This sarcophagus, from a palace in Rome, shows step by step something of what went on in these ceremonies. On the left is a laurel tree, which is apotropaic; that is to say, it defends the threshold against evil presences. It has a sanctifying power as a threshold tree. Beside it is an aspect of Bacchus - or Dionysos, it's the same deity - known as Iacchus, which is the cry of greeting that was uttered at a certain moment in the ceremony when the revelation of the new birth was rendered. Iacchus stands by an altar bearing the fruits of offering, and he holds a torch, which - again - always indicates the underworld, or chthonic, adventure.

                  In the center are the two great goddesses - Demeter, seated on the sacred basket with the serpent, and her daughter, Persephone, the one who dies and is resurrected, who is abducted and then returns - the Anodos and Kathodos of the maiden. The torch of Demeter is held upward, purifying the upper regions. That of Persephone is downward, purifying the lower. So this is a purification passage, and in this cult these two are going to be the dominant figures - the dual goddess - the goddess of life and the goddess of the underworld, out of which new life comes.

                  In the tableau on the right we see the candidate with his head covered, for he is going to experience a revelation, an epiphany - the showing forth of the mystery to a person who experiences it for the first time. The guide is pouring offerings, and facing him is Bacchus-Dionysos. The figure behind him is Hecate, the dark, negative aspect of the goddess, often associated with witchcraft.

                  Some very interesting research concerning the plants associated with these cults has shown that the people who were going to go through the great ceremony consumed a barley drink before attending the rites. One of the historically important hallucinogens is ergot, which is produced by a fungus that grows parasitically on barley. Since one family was for centuries in charge of the rites, many now believe that this barley broth contained a bit of ergot. There is a very fine study called The Road to Eleusis, written by Albert Hofmann,  who discovered LSD; R. Gordon Wasson; and classical scholar Carl A. P. Ruck. This book deals with the entire ritual of Eleusis in detail as a ceremonial matching of the rapturous state of the people who have taken the drink with a theatrical performance that is rendered as an epiphany. So there's an inward readiness and an outer fulfillment. Socrates himself is reported to have spoken about the importance to him of the experience at Eleusis. Something in the way of a revelation was actually experienced there.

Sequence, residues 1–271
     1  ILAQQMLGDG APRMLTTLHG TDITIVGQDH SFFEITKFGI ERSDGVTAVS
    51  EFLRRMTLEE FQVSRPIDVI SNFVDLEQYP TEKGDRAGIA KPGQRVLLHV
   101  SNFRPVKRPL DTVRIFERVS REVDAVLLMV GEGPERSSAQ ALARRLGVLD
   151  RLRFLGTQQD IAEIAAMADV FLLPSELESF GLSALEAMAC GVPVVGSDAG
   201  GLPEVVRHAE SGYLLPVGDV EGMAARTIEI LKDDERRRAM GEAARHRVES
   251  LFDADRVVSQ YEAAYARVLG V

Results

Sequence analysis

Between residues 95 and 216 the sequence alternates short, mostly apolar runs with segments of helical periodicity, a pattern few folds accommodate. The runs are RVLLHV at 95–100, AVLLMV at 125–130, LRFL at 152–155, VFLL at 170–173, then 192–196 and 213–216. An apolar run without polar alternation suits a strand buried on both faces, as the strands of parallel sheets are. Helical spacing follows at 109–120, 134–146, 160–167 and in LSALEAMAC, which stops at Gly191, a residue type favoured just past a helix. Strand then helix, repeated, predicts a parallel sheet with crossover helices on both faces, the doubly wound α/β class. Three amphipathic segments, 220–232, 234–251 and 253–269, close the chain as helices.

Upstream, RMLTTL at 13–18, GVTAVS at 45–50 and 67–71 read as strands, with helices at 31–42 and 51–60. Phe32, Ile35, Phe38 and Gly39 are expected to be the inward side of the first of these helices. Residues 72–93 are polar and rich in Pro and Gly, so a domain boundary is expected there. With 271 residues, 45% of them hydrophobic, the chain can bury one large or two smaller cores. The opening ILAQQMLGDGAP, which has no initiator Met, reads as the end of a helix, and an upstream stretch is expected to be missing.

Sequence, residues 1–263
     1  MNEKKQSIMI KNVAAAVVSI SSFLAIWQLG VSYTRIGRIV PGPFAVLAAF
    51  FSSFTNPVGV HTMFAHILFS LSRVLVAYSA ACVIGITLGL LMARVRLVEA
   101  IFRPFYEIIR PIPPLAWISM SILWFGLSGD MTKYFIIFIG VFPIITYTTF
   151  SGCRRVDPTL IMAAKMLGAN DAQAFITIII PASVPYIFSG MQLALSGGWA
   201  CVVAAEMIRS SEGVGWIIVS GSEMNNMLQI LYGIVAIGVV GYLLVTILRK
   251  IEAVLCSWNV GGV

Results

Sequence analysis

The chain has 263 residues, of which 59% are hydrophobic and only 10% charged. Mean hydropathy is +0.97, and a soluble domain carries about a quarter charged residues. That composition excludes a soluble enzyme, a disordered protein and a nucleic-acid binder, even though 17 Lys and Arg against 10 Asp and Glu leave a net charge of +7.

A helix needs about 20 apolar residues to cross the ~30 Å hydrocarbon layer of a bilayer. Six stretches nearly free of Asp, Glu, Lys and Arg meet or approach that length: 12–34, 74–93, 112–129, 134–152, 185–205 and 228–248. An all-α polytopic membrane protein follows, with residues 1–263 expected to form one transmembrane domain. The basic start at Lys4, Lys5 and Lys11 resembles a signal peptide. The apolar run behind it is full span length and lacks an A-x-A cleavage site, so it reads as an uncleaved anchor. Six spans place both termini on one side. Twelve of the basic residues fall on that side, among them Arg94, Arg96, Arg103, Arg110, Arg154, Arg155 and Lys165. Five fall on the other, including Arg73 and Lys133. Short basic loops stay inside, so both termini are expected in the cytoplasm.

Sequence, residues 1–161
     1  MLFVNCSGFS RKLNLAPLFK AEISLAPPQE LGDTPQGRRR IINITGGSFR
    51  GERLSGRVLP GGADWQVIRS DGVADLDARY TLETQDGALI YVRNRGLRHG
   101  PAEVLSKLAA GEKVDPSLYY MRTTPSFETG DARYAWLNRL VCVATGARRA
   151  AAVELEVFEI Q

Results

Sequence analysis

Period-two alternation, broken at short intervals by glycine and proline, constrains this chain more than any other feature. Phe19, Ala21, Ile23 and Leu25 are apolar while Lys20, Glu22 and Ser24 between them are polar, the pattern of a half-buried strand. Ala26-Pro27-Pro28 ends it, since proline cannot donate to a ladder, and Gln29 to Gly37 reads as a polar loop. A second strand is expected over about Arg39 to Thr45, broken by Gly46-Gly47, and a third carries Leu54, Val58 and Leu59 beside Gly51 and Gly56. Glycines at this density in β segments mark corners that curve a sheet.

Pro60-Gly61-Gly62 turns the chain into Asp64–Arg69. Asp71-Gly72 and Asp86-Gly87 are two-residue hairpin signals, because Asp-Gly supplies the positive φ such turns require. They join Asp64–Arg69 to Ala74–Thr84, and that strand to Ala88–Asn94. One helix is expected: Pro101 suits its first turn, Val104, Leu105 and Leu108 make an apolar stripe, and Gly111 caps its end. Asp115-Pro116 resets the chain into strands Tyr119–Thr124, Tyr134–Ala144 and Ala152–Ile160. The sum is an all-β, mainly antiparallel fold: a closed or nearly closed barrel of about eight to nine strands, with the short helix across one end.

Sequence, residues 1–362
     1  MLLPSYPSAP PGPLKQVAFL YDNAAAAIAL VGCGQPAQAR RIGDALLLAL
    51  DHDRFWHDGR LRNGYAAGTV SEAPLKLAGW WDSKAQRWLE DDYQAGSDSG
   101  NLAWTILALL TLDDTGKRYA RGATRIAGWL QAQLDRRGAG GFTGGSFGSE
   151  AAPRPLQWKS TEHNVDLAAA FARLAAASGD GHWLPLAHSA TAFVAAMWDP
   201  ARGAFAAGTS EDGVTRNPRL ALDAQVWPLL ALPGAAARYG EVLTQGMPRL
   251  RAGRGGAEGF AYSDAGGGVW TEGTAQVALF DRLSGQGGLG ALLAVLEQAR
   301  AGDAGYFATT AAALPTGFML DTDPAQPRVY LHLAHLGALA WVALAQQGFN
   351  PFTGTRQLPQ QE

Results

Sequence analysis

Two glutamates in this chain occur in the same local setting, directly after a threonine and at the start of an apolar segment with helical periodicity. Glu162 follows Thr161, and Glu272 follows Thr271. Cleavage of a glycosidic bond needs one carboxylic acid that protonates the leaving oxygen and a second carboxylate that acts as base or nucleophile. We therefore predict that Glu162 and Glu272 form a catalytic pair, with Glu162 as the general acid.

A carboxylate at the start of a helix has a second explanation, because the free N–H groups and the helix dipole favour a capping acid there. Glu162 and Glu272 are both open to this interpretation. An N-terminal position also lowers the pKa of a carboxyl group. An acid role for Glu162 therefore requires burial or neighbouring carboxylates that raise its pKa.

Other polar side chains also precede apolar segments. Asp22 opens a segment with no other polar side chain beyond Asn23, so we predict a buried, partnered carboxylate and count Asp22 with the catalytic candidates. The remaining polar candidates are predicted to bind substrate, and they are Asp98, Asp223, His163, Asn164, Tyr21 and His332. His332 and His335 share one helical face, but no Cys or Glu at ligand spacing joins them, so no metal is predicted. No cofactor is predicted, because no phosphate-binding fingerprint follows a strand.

Now the story of Persephone, the daughter of Demeter, is that she's out picking flowers in the spring, and suddenly Hades appears in his chariot and carries her off to the underworld. Just as Isis was bereaved of Osiris, so Demeter is of Persephone. She goes to find her lost daughter. When Demeter comes to Eleusis, she sits down by a well, just as Isis sat down by the well outside the palace where her husband's body and sarcophagus were enclosed in the pillar. That well at Eleusis is still there, at least a reconstruction of it.

                  The people come out to the well and try to comfort Demeter, but she is disconsolate until a little creature named Baubo does an obscene dance, and then Demeter has to laugh, that's all she can do. This is a wonderful motif - the obscenity provides another perspective. You move out of the sphere of the developed person, back into the sphere of the nature dynamics of generation and regeneration, and are released from the bondage of your grief.

                  An equivalence to Persephone is the golden stalk of wheat. Clement of Alexandria mocks the Eleusinian mysteries and says what a silly thing to have the culminating moment be that of the elevation of a grain of wheat. Yet the culmination of the Roman Catholic mass is the elevation of a wafer of wheat. It's not the object, it's the reference that is the sense of a ritual. Any object can become the center of the cult. At Eleusis, the central cultic object was the wonderful food plant, which nourishes our physical life and, when consumed with the understanding that it is a divine gift, our spiritual life as well.

                  In the earliest primitive rites associated with food plants, the typical underlying myth is of a deity of some kind who has been killed, cut up, and buried. And out of the buried parts of the deity comes the grain or whatever the food plant. Longfellow's Hiawatha speaks of the visionary experience of a young man on a vision quest. A young deity comes to him, wrestles with him for three nights, and then on the fourth night says, "Now you're going to kill me and bury me." Hiawatha does so, and out of his buried body comes maize.